The final between Portugal and Greece was seen by 153 million TV viewers globally, aided by a massive rise in the number in Asian viewers, cementing football’s place as the most popular sport in the world.
But the Olympics produced four events in the top 10. The second most watched event was the opening ceremony of the games, which attracted 127 million viewers, followed by the closing ceremony, which attracted 96 million.
The ViewerTrack report from media agency Initiative Worldwide found global sporting events vastly inflated their viewing figures, claiming “the 15 events were chosen because, for each of them, worldwide audiences of at least several hundred million people are claimed”.
But Kevin Alavy, an analyst at Initiative Worldwide, said: “Actual live audiences for these events can be very different from the claimed audiences.”
I wonder how many of the people who sat through Portugal v Greece WISHED that they hadn’t been inflating its viewing figures?
I watched the Portugal v Greece game in Ibiza. I remember almost missing my flight to see the end of it, which would have been one of the most stupid reasons to miss a flight ever.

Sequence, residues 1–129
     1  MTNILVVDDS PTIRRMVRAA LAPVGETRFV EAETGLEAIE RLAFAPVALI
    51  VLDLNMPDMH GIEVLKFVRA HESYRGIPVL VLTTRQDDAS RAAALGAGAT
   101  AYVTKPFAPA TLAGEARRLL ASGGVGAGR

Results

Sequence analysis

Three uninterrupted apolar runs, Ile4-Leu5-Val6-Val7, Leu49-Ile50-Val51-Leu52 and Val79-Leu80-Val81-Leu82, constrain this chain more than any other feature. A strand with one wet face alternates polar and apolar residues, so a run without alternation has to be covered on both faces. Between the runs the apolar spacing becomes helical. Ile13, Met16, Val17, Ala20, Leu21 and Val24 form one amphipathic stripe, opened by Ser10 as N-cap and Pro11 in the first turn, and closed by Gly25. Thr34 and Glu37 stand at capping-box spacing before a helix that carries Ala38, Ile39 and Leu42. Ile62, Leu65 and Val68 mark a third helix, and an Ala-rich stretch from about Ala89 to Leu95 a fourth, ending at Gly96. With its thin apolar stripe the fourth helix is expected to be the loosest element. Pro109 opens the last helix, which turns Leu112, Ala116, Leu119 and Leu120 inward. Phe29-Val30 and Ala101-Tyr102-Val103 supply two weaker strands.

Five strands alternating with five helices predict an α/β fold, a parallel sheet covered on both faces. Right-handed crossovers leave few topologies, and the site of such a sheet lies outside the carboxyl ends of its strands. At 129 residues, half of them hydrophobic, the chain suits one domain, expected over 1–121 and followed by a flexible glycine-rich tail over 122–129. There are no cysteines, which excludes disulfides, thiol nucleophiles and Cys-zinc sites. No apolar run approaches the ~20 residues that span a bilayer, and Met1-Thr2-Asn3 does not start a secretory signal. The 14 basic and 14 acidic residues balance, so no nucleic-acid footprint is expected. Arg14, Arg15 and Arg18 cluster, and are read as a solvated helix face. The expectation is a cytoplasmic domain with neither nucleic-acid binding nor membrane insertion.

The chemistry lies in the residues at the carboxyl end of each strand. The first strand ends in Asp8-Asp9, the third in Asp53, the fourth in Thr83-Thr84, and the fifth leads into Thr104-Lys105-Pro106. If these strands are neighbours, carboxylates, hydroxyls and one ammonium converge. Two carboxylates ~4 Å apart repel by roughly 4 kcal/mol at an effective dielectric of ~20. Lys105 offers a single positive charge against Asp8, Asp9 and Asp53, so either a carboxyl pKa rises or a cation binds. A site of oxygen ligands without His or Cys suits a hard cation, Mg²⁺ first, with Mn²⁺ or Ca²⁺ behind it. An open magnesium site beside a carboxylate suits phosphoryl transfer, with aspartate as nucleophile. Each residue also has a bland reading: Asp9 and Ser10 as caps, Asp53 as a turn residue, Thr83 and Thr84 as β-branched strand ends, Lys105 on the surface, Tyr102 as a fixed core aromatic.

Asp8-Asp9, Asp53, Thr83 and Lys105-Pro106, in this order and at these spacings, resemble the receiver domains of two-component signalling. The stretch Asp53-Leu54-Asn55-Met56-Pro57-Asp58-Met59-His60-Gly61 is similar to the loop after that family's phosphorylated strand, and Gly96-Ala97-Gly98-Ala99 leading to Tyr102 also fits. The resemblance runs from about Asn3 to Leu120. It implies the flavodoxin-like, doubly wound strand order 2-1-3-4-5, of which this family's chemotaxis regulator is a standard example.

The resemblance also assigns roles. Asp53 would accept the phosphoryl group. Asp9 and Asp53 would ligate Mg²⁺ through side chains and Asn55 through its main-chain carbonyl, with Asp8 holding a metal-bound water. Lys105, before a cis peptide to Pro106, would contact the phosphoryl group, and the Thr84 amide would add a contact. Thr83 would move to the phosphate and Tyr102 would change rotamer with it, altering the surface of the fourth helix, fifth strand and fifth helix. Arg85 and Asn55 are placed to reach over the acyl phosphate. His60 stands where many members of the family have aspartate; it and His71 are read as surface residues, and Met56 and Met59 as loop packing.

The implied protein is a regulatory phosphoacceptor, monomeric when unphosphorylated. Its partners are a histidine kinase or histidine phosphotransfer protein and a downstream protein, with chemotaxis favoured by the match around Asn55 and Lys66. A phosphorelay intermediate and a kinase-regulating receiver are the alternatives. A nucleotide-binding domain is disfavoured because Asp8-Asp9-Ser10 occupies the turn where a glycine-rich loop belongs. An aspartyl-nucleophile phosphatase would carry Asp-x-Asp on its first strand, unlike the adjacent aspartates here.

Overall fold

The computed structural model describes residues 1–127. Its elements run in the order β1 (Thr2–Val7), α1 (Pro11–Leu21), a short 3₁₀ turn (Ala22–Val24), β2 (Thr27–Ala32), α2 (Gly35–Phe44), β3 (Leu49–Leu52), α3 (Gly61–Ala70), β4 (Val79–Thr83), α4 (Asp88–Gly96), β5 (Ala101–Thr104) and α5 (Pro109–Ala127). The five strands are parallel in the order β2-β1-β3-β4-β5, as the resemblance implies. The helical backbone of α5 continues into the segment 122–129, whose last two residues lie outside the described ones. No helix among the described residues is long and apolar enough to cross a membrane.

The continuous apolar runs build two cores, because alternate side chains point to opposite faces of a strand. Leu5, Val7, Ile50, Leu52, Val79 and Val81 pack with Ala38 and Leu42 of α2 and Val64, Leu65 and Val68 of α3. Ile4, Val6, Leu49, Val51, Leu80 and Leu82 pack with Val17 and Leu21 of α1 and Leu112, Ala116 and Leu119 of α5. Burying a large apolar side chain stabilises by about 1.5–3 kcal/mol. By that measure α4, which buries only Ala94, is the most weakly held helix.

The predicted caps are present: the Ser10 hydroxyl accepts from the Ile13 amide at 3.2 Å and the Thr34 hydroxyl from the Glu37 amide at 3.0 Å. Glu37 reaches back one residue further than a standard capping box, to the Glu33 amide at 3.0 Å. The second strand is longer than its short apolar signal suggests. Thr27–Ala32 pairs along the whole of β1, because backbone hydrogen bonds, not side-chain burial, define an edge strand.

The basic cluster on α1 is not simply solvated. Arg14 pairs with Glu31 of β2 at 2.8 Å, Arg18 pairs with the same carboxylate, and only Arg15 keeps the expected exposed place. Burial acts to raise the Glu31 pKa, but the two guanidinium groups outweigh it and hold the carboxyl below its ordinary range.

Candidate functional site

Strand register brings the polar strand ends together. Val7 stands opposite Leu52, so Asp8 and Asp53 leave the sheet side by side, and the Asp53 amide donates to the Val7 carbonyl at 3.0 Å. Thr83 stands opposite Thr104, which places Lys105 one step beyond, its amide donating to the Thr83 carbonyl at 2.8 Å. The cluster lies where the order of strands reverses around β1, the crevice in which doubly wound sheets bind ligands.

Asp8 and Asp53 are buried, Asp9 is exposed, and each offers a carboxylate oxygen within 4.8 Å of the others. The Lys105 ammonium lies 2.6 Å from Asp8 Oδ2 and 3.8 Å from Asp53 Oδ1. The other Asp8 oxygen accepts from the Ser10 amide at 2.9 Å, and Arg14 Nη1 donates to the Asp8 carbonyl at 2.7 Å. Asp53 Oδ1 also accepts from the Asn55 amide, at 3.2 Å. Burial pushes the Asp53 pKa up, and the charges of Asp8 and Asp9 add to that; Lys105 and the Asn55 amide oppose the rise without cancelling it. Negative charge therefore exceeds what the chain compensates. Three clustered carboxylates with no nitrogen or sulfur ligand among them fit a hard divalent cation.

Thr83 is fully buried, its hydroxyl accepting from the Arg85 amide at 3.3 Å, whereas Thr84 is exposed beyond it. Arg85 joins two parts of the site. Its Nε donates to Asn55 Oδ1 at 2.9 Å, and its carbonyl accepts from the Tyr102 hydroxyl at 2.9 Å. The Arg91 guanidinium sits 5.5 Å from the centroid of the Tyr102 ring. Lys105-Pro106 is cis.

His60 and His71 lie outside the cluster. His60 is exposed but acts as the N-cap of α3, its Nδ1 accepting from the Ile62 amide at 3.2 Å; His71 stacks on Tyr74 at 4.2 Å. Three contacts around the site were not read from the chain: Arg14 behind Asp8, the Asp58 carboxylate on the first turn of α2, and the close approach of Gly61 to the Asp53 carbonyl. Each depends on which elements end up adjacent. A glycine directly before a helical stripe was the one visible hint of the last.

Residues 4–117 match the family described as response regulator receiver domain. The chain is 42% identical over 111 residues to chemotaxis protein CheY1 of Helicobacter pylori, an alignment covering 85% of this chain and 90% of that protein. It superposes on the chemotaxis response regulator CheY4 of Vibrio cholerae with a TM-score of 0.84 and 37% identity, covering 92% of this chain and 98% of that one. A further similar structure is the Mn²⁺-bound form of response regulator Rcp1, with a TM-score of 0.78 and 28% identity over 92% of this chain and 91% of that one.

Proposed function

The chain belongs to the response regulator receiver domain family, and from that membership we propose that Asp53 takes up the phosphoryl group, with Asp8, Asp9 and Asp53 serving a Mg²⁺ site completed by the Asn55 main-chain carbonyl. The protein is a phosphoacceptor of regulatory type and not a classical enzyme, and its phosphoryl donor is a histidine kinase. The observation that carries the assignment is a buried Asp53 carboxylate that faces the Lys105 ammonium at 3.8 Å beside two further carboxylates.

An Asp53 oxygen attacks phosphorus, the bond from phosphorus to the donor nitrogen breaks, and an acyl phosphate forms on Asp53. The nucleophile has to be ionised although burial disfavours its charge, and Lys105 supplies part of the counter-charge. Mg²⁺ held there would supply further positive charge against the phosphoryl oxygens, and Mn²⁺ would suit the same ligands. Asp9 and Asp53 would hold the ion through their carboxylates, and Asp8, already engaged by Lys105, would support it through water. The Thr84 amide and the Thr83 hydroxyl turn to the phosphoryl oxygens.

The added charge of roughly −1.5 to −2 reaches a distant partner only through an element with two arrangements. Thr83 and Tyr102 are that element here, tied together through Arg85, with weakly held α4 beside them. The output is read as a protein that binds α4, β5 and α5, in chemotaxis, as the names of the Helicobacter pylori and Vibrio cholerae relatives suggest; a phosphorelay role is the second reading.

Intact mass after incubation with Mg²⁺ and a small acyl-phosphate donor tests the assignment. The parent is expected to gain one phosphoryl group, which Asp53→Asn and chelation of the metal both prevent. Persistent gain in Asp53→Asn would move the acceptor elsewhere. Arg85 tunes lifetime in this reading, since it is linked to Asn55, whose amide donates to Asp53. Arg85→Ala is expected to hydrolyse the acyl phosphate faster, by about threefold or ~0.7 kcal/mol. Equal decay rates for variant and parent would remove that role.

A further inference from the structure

By the way I noticed the Wikipedia table is wrong, it doesn’t match up with the article (which I didn’t link to as it’s behind the guardian’s media registration wall).
Apparently our American cousins much exaggerate the worldwide viewership of the Superbowl. Part of the problem is that much of the rest of the world is asleep at the time. And the rest would be if it troubled to watch.
In re. the Superbowl, of course American Football is quite a complex sport to follow. The advantage of the Boat Race is that it is extremely straightforward to understand what’s going on. So it doesn’t just fly over the heads of simpleminded Brits. Nevertheless, I agree with you – holding the Boat Race in the early hours of the morning would increase those West Coast and Australasian viewing figures, and it’s time that idea finally came to the table.
If it was held in June, not April, then it would probably be possible to still have it in the light too!